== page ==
On “Combination,” Joe Perry would sing his first lead vocal on an Aerosmith album, albeit as a semi-duet with Steven. The song also provided his only solo writing contribution. Like other songs, it was loosely based on the life the band members were living, mainly the growing dalliance with drugs. More specifically, it was written in frustration at Steven’s snail-pace lyric writing.
Steven’s “Home Tonight” goodnight lullaby closed the album. It was a natural successor to “Dream On” and the critically ignored “You See Me Crying.” In late August, the song was released as the album’s much-hyped second single (Columbia 3-10407). Backed with “Pandora’s Box” (the back catalog seldom being neglected), it floundered at an unimpressive #71 on the Billboard Hot 100 during a dismal four-week run.
Rocks may have been a platinum album without the benefit of a Top 10 single (Billboard Ad, 9/3/1976), but “Home Tonight” did not end up being that single, regardless of the hype used to promote its release: “Hard rockers and big-sellers Aerosmith have come up with a song that has a couple of unusual shifts in it. The soft, almost ballad-like vocal holds a lot of appeal, and the harsher rock ‘n’ roll bridge seems to fit just right. The vocal is reminiscent of some of [Paul] McCartney’s hard blues numbers. The record should chart strong off of FM progressive play” (Cashbox, 9/11/1976). In late November, in a blatant attempt to repeat the late 1975 single reissue success, “Walk this Way” was reissued with a new B-side, “Uncle Salty” (Columbia 3-10449). The exercise soon bore fruit with the single charting for 17 weeks reaching a high of #10 on the Billboard Hot 100 on Jan. 29, 1977. It did even better on Cashbox, hitting #7.
Listen to Aerosmith Perform ‘Sick as a Dog’
By April, Jack was already involved with pre-production for Starz’s debut while also being recruited to help finish up Moxy’s second album. Following last-minute “finishing touches” to Rocks, the first two weeks of the tour needed to be rescheduled. Of course, there may have been the small matter of letting “Dream On” run its course on the charts before launching the band’s new material. Whatever was happening in the background, the Rocks project was drawing to a close. If management was frustrated by the pace, so was Steven, daunted by the frantic finish to the four-month long sessions: “I had no idea what I was singing about on the last four songs we did” (Boston Phoenix, 7/27/1976).
He and Joe were hopping on charter flights between New York City and Boston, where rehearsals were concurrently taking place for the tour. Steven wasn’t completely happy with how things ended: “This last album I couldn’t even stay for the final mixes. We had already cancelled two weeks of dates because of some final mastering. I insist on being there. I know what went down. Since having so much to do with the songs, I wanted at least to be able to mix the songs a little bit. I want to know where the edits are going. It shouldn’t all be left up to your producer, although we have the finest producers in the world” (Sounds, 10/16/1976).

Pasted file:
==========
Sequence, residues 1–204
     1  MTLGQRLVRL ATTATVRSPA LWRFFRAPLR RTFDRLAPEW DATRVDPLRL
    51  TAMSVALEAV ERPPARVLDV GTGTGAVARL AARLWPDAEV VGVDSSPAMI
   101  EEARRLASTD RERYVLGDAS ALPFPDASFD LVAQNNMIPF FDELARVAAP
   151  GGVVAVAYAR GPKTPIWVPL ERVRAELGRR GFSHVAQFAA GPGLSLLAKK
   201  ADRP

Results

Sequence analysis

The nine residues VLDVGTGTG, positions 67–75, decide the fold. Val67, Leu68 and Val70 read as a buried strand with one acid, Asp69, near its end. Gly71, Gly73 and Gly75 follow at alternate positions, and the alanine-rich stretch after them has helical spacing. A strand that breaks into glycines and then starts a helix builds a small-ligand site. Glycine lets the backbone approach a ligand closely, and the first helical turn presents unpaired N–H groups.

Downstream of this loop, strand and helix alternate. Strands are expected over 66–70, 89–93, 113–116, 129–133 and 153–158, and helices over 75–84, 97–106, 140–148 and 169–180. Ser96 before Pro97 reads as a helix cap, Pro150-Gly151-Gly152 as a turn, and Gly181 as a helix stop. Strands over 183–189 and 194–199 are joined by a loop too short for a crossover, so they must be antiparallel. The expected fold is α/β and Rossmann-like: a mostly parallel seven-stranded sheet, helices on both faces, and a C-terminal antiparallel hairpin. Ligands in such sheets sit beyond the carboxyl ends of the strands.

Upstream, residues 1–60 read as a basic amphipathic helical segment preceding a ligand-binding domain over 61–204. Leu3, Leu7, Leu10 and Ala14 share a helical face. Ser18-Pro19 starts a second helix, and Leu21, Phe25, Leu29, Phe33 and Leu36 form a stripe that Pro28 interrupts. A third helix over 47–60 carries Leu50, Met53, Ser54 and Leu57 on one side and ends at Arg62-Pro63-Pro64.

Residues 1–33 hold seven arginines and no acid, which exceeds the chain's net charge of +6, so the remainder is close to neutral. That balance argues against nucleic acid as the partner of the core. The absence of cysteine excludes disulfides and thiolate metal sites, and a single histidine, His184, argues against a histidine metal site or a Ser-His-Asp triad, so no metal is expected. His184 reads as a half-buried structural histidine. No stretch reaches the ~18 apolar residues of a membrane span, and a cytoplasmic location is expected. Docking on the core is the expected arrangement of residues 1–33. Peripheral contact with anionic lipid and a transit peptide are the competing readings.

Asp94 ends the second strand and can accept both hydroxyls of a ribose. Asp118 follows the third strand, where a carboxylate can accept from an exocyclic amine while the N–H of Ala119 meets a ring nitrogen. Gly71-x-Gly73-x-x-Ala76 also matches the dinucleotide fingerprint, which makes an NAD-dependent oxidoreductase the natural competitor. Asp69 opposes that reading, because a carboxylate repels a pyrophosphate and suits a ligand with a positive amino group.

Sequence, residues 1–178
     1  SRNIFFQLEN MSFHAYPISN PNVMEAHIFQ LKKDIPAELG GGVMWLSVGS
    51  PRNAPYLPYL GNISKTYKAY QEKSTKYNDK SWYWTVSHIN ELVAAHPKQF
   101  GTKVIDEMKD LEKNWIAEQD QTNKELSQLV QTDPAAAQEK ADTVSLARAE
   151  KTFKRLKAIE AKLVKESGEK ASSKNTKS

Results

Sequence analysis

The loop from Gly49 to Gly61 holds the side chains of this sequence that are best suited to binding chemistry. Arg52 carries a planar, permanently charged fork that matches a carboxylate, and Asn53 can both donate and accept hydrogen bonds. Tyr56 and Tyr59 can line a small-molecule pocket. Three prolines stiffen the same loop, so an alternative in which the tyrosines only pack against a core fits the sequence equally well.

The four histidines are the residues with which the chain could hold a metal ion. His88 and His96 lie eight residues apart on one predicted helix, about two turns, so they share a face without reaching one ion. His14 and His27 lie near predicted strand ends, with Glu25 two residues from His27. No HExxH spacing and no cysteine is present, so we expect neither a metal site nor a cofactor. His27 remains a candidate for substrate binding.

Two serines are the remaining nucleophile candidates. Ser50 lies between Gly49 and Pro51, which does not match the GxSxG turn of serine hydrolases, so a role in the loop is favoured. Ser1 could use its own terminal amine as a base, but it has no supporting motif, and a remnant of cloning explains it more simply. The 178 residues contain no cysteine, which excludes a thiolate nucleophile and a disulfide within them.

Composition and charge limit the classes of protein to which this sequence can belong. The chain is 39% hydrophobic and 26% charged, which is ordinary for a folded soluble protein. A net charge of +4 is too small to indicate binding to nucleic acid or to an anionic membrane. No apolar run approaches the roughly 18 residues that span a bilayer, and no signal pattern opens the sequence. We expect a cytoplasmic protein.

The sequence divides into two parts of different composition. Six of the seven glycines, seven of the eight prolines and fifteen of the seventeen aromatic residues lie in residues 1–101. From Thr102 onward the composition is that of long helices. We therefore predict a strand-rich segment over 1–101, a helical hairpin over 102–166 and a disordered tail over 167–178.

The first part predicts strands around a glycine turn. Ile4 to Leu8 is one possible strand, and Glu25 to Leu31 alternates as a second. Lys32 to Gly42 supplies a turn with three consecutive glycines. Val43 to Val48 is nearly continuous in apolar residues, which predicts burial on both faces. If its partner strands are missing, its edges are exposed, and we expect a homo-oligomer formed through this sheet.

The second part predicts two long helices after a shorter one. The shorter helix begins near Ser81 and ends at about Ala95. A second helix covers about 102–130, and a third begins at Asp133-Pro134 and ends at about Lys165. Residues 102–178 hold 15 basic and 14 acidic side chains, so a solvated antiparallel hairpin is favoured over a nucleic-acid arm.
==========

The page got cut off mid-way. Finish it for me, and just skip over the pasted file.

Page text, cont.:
Any minor gripes wouldn’t matter. What resulted from the months of grind was a powerful mix of catchy riffs and clever tongue-in-cheek lyrics. It was a raw slab of sleazy rock ‘n’ roll, Americanized Yardbirds-inspired blues infused with punkish ferocity. Joe was pleased: “Well, it’s better, with everyone we’re getting better, the songs are getting more unified and the whole band’s coming up with worthwhile ideas. I’m looking forward to the next one because I know it’ll be better again. We’re managing to get into a groove in the studio now and we’re trying to keep it that way” (Sounds, 10/16/1976).
It was Joe’s idea to name the album Rocks, an apt description for what he felt was the hardest rock they’d made. He’d also suggested the title the year before for the album that became Toys in the Attic, though this time it stuck. Aerosmith Five was also considered, but likely would have caused more confusion for those not considering that it described the number of band members rather than albums to that point. As had been the case with their previous album, the band returned to Pacific Eye and Ear for creation of the package.
A Scott Enyart photograph of five diamonds formed the basis for the strikingly simple cover illustration. One side of the inner dust-sleeve featured a cartoon-like rendering for the band, done by their old friend Teresa Stokes. The first version of the painting was purportedly lost in a fire and Steven requested she paint it again. It was initially intended to serve as the band’s stage backdrop for the tour, but Steven decided that he “hated” it and it wasn’t used. The illustration was cropped for use on the dust sleeve. A collage of photos was featured on the other.
While copyright documentation suggests the album was scheduled to be released a week earlier, Rocks was formally issued on May 14, but was initially not supported by a new single with “Dream On” continuing to linger on the charts. That double-edged sword, with the continued success of the “Dream On” single, may have impacted the marketing of the album, prompting the label to choose to delay the release and tour. The album entered the Billboard album chart at #25 on May 29. In the United States, Rocks was certified gold by the RIAA on May 21, 1976, and platinum on July 9, 1976. Two-times platinum certification followed on Oct. 19, 1984, three-times on Dec. 21, 1988; and (most recently) four-times on Feb. 26, 2001. Gold was awarded by the CRIA (Canada – 50,000 units) on Sept. 1, 1976, and platinum on Nov. 1, 1976.